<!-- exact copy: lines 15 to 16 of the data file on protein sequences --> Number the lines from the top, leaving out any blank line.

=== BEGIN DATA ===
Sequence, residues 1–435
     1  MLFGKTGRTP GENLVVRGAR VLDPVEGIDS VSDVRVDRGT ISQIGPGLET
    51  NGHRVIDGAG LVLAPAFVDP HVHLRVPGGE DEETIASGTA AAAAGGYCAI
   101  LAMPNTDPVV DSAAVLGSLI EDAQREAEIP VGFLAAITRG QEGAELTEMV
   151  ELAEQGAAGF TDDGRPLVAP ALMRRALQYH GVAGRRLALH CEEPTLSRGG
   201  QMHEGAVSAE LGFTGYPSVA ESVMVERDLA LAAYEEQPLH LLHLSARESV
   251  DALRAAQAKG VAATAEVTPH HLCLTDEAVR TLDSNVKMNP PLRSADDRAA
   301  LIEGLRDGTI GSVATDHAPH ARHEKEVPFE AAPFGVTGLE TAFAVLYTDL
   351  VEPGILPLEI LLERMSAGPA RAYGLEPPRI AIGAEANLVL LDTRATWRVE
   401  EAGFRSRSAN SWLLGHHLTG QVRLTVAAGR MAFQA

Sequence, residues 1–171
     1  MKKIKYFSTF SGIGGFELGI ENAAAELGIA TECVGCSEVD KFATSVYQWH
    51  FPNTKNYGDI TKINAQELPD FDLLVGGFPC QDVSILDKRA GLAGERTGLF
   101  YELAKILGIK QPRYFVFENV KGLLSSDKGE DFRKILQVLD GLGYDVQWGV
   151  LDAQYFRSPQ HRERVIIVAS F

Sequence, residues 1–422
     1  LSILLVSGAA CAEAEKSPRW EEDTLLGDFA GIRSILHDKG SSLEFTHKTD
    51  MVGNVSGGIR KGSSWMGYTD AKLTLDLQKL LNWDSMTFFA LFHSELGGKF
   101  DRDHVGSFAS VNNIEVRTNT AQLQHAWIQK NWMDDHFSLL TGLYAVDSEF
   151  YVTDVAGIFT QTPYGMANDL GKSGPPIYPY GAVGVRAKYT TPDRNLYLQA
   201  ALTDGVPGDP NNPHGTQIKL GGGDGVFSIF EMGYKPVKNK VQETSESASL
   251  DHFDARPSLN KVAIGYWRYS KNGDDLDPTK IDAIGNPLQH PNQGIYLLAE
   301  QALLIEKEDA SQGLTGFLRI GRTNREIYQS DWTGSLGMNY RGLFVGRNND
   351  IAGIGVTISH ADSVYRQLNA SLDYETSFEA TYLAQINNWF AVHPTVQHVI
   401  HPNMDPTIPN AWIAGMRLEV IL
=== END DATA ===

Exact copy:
   151  LDAQYFRSPQ HRERVIIVAS F

Sequence, residues 1–422